Electric C90 to Harley Breakout, a varied week @ mono motorcycles


You could not get a more eclectic week at the mono motorcycles workshop. From the eCub elekTrik9T (electric Honda C90), to the beast that is the Harley Davidson Breakout. No two weeks are ever the same at the mono motorcycle workshop.


On Monday we commenced the building of our latest Honda eCub the ‘elekTrik9T’. The eCub is based on the popular Honda C90 Cub, which is the most manufactured motorcycle ever, with the Honda Super Cub now having reached the 100 million mark!

We began our journey into electrification in the Summer of 2019 when we were chatting to our web designer about building him a motor bike, but he wanted something a little different. He showed us a picture of the Dues ex Machina Honda Cub ‘Seasider’

“I want something like this” he said.

A week later he sent me a picture of what we now know as a ‘Shanghai Customs eCub’ & we are now on our third build, with our brand name the ‘elekTrik9TTM’


On Tuesday we welcomed back ‘Bella’ the Honda NC750x. Like so many of our customers motorcycles, Bella has not been ridden much in the past 16 months, but she joined us on Tuesday for some new shoes, chain & sprockets & an arranged MOT to get her back on the road & enjoying the summer sunshine


We also welcomed a simply stunning Harley Davidson Breakout to the mono motorcycles workshop on Tuesday for full professional detailing, chrome polish & ceramic coating.


On Wednesday Daniel completed a full carb strip down ready for cleaning on the Yamaha XS1000 Chop. Unfortunately, on removal he have found that the carbs (or maybe even the motor) is from a later model so we have had to order a different set of carb repair kits.

As the XS is a custom chop, this can be the challenge with ensuring you can order the correct parts for the bike, if the registration & the actual age of the engine differ.


On Thursday we welcomed a 2012 Carbon Special Edition Triumph Speed Triple with 1700 miles on the clock. The Speed forms parts of a collection for our customer.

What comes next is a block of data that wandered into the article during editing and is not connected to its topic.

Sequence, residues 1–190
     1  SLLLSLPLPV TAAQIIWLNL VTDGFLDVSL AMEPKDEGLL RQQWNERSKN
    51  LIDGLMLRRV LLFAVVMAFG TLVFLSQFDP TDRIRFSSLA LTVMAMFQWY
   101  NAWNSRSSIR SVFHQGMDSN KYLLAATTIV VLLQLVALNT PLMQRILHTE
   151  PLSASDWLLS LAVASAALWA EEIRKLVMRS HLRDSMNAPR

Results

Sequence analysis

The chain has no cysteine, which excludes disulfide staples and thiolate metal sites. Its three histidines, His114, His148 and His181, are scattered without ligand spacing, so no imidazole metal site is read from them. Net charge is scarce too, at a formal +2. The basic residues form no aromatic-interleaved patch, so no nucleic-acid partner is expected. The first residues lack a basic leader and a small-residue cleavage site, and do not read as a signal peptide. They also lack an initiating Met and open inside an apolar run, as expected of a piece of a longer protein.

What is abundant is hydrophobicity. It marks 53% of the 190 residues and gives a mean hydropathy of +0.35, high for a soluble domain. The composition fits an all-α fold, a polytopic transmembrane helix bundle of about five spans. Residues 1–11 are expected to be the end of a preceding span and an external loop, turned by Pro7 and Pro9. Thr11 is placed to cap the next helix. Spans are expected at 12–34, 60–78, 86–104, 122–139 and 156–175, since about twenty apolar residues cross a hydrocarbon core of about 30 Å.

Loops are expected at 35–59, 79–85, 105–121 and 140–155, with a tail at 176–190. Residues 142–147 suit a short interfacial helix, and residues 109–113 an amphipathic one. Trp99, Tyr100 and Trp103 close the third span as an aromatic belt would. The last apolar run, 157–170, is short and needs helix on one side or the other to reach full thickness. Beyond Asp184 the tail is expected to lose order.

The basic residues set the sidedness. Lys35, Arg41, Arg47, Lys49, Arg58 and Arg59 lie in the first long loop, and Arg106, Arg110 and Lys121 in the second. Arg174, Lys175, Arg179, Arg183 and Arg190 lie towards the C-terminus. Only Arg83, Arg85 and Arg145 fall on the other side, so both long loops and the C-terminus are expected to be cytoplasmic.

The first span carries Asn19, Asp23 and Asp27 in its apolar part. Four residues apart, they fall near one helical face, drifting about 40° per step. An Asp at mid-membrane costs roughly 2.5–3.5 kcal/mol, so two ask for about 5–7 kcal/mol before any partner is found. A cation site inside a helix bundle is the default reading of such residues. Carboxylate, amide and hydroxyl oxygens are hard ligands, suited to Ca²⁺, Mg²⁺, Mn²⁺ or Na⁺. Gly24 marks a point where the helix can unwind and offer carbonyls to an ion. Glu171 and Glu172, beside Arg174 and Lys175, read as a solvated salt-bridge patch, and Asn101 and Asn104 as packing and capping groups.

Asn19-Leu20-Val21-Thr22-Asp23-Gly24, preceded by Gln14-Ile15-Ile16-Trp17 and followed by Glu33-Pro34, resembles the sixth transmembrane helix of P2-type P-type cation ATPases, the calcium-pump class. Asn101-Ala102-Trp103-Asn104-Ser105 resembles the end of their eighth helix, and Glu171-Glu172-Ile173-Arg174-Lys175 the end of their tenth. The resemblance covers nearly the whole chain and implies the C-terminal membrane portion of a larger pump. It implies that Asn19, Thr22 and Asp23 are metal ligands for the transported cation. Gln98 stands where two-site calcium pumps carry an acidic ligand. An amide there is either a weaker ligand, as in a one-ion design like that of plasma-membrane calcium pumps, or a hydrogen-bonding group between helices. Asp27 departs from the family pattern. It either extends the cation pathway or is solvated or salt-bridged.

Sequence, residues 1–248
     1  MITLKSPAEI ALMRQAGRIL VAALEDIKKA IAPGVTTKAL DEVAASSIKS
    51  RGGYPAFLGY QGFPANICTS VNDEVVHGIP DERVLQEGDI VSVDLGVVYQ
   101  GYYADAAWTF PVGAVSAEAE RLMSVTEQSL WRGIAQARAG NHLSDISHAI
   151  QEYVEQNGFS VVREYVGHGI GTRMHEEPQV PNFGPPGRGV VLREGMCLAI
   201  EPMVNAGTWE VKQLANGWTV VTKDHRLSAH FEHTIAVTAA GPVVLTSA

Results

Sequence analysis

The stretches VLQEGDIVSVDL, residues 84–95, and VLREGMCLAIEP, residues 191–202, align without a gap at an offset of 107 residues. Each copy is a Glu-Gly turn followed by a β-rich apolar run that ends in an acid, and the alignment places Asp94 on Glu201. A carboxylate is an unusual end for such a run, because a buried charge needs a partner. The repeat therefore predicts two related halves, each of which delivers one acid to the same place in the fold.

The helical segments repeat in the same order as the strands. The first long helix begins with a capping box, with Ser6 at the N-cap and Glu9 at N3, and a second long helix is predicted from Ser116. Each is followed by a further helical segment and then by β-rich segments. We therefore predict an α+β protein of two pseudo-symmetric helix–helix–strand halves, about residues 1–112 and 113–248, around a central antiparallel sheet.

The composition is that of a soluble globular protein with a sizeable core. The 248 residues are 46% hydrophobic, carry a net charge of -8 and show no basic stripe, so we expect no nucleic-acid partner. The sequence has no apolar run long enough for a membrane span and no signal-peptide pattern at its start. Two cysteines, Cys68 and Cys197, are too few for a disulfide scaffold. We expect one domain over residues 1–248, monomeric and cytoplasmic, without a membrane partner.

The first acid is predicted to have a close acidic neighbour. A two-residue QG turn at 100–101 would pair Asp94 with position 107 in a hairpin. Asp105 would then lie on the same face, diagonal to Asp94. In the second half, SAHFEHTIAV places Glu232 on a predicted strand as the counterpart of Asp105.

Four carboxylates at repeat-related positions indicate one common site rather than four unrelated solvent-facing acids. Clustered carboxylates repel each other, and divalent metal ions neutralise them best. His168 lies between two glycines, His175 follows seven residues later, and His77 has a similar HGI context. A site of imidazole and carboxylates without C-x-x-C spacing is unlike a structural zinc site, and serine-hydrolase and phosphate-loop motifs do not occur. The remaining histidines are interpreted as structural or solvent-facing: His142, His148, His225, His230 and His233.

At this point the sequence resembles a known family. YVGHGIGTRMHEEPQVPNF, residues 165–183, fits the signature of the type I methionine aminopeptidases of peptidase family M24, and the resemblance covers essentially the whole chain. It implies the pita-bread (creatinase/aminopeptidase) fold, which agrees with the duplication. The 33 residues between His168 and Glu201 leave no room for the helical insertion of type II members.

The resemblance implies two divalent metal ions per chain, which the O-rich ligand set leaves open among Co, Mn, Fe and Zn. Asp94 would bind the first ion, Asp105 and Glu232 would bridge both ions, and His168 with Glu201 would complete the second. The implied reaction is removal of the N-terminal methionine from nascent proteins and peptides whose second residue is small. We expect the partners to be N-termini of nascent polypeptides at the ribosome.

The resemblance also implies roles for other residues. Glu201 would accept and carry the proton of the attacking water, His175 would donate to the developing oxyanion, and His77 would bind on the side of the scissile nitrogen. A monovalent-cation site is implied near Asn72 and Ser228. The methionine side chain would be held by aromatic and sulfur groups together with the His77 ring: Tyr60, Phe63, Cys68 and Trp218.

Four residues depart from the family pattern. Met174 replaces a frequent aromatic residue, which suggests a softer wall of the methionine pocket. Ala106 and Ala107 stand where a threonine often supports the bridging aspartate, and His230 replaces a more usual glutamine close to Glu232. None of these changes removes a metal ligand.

A short while ago our customer noticed a small amount of oil on the corner of the head gasket. Although the 2012 Speed Triple do have issues with head gaskets, as she is stationary & on her side stand most of the time; we believed at the time that perhaps the aluminium head had possibly crushed the head gasket over a period of time & subsequently caused it to weep.

Upon investigation & once Daniel had fully stripped the Speed Triple & removed the head, the gasket, which is built in layers, seemed to be intact. We undertook some basic tests in the absence of laser sighted measuring tools, to assess if the aluminium head may have warped. Although our straight edge showed miniscule gaps between the straight edge & the head; we could not, without specialist tools, categorically draw this conclusion.

We did note however, that there seemed to be a considerable amount of gasket seal having been added to the head gasket, maybe an indicator of an underlying issue. Again, we cannot categorically agree that this is why it was used.

Therefore, having spoken with our customer & gained his authorisation to proceed with the rebuild; Daniel commenced the rebuilding of the engine.

If you ever wonder why it cost’s so much to change a head gasket, here is the reason why! Daniel started stripping the Triumph Speed Triple at 10.00 & the head finally came out at 13.30. Once Daniel had assessed the head gasket & gained authorisation to rebuild, he commenced rebuilding the engine at 14.00 & finished for the day at 18.00 with still some finishing off to do on the Friday.

In this case, we were lucky that the head was managed to be freed sideways through the frame. On a lot of motorcycles, the only way to replace head gasket’s is to remove the engine & then strip it. Hence why it is so time consuming & an expensive process if a head gasket does fail.

Social events

We are so excited that our first Breakfast Club in over 18 months, is now only a matter of weeks away. We have a gloriously hand painted motorcycle which is being unveiled at the breakfast club, with an Armed forces theme. The bike has been developed to act as a fundraising tool for the Royal British Legion, whom we will be collecting for on the day.

We are also celebrating the opening of DJK Motorcycles, one of our dear friends new Motorcycle Sales, Storage & Transport ventures which is opening only doors away from the mono motorcycles workshop.

So many exciting things happening here & after such a tough time for us all; it is fantastic that life & times seem to be now moving forward in a more positive way.

For all your motorcycling needs, please do contact Daniel or Katy on T: 01243 576212 / 07899 654446, E: info@monomotorcyles.co.uk or contact us through our contact page.